There have been times in my life when watching a rom-com or reading a YA romance would increase my dissatisfaction with my single lot in life. I would have to check my heart after a reading or viewing and make sure my view of myself and my life was in line with God’s view of it. And sometimes it was better to avoid such plots completely, thus my passionate love of “Die Hard” as a Christmas go-to. That bromance between John McClane and Sergeant Al Powell is better than most love stories. At this point in my life, where I have come to find true contentment and deep meaning in my singleness, I seem to be able to enjoy the fantasy of it all with no problems. Yes, I’d still someday like to experience a tiny piece of that kind of romance myself, but I trust God’s plan for me. I know if it never happens, that his plan is even better.

My cynical brain may actually help me to enjoy this type of fiction because I realize much of it is fantastical. I’m not sitting there reading these novels or watching these films thinking how perfect it all looks. I’m more likely to be giggling to myself as I realize how preposterous it all is. I can enjoy it like a fantasy novel, a made up realm where things work differently than here on earth. I’m 40. Most of my friends and family are or have been married. I’m a counselor. I’ve walked through enough broken, complicated, or just real relationships with people to know how much work goes into a lasting romance.

Actually, I’ve found that sustained singleness seems to be the most difficult for my optimistic, idealistic friends. I have an acquaintance, a man in his early 40’s, who is still horribly brokenhearted that he has yet to meet and marry his One True Love. And yes, once again, I too would like that to be a reality for me, but I don’t think it is or will be and have come (mostly) to terms with this. Because of our perspectives, romances are difficult for him to enjoy without coming away depressed and despairing. For me, these days, I come away smiling, having enjoyed the story, or laughing because I thought it was rather stupid after all.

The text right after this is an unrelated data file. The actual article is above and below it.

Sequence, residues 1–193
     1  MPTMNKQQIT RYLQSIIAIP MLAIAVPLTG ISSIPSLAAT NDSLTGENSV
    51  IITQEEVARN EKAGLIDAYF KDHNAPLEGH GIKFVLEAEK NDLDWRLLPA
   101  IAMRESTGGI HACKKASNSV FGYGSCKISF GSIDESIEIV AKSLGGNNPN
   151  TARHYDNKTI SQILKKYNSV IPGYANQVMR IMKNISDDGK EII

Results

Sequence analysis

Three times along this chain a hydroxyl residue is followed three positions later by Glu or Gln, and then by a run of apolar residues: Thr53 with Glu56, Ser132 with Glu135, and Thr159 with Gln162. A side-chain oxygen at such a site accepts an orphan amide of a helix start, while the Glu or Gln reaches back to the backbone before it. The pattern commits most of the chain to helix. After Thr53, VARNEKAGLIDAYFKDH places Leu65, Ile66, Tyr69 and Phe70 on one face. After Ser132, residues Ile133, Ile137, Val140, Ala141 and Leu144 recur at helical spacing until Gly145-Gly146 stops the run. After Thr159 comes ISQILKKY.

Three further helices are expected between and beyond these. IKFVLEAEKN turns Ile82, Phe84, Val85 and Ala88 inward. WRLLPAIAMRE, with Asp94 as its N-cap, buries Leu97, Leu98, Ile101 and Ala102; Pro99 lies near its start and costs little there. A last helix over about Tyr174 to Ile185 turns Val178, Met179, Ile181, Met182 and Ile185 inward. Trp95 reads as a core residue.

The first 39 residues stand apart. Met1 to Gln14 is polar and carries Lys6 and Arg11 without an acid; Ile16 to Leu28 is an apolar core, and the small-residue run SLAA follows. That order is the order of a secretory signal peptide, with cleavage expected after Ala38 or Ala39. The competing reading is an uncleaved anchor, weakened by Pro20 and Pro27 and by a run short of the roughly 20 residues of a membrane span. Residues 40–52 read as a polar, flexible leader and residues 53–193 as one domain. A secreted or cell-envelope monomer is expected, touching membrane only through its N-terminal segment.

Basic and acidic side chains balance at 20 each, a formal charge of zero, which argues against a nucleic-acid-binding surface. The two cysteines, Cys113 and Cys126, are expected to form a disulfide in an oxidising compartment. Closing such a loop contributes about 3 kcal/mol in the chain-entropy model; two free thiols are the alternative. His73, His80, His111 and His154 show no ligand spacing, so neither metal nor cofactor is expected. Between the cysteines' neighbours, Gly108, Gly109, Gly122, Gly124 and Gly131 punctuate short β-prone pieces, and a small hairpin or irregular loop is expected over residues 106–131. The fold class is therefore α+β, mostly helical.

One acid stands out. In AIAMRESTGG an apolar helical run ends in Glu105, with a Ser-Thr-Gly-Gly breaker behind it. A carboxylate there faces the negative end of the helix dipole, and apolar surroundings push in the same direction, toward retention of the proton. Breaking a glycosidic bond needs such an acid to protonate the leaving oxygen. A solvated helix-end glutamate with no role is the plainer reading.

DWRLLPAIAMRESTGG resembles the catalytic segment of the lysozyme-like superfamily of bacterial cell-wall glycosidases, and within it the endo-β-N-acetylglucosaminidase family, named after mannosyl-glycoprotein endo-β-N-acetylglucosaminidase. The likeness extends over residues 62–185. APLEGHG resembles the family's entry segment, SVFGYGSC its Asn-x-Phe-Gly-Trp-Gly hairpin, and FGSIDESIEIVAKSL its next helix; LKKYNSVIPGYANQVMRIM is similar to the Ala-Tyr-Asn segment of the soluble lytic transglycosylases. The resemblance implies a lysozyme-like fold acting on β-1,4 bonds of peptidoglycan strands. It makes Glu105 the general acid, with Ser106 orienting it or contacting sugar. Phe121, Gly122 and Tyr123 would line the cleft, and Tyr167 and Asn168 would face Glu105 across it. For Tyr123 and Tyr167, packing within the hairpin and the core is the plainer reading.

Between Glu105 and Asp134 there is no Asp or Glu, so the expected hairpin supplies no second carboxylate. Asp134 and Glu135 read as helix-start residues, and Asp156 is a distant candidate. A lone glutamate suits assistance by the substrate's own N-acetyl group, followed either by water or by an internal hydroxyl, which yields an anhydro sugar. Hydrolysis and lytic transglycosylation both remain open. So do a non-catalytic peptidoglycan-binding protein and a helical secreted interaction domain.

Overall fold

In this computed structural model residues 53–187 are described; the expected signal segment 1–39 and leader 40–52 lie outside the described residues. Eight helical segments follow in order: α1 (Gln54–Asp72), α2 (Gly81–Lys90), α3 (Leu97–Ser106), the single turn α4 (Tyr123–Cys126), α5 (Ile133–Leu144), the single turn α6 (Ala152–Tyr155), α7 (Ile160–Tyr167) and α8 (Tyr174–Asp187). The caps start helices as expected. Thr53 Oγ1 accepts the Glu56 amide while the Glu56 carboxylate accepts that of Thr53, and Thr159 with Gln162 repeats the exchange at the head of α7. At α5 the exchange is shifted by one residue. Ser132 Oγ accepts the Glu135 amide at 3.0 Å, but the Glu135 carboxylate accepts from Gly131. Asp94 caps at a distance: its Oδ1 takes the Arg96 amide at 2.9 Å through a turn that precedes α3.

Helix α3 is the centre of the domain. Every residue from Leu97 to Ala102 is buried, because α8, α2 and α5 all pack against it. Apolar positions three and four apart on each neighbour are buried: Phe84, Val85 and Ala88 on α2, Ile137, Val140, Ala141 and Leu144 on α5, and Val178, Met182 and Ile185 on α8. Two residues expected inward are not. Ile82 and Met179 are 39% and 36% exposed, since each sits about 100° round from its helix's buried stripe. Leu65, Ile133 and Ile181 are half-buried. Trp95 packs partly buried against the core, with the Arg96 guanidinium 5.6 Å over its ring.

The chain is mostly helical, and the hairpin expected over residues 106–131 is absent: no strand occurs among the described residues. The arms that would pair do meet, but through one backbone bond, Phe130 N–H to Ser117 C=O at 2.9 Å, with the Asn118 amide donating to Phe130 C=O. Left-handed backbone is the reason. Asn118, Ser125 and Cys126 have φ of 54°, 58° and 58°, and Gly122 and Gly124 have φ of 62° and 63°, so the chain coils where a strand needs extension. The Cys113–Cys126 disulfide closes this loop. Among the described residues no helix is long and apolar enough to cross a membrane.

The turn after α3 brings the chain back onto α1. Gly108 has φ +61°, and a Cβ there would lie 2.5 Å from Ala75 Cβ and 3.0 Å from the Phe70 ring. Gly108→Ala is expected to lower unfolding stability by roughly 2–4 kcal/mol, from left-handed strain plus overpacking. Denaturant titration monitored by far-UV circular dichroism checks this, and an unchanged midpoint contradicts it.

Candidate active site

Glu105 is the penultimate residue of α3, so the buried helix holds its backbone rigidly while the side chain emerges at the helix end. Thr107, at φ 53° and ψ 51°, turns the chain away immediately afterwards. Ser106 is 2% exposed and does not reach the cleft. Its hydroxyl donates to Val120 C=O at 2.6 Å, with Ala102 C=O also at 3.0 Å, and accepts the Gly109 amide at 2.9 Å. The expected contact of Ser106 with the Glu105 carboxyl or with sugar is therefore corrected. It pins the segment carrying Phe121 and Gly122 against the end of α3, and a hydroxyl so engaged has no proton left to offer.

So this holiday season, while I plan to indulge in a few more Christmasy romances (a reread of the fabulous gothic romance, “Rebecca” by Daphne du Maurier, is up next for my book club), what will you be reading and/or watching? Write a note in the comments telling me about your relationship to romantic fiction.

A Very Potter Birthday

What is the best way to turn 40? With a surprise Harry Potter party thrown by your best friends and family, of course! And yes, I really was surprised.

Some backstory: several years ago, after it became apparent that there was a likelihood my singleness may be a permanent state rather than a “season of life,” I developed a plan. If I didn’t get married and do the whole wedding/reception with all the friends and family thing, I’d throw a huge 40th birthday party. But not just any party, I planned to rent out the Great Hall of the world’s best Harry Potter store, Whimsic Alley on the Miracle Mile in Los Angeles, and have an adults only Potterfest worthy of J.K. Rowling herself. A Pinterest board was created. Research into costs and options was done. Friends and family were told.

And then, shortly after my 39th birthday, Whimsic Alley closed its doors for good. My sister and I pondered other venues, but nothing remotely affordable was even close. I decided that I’d rather just have a small family thing at home, and go out for coffee or lunch with friends throughout my birth month.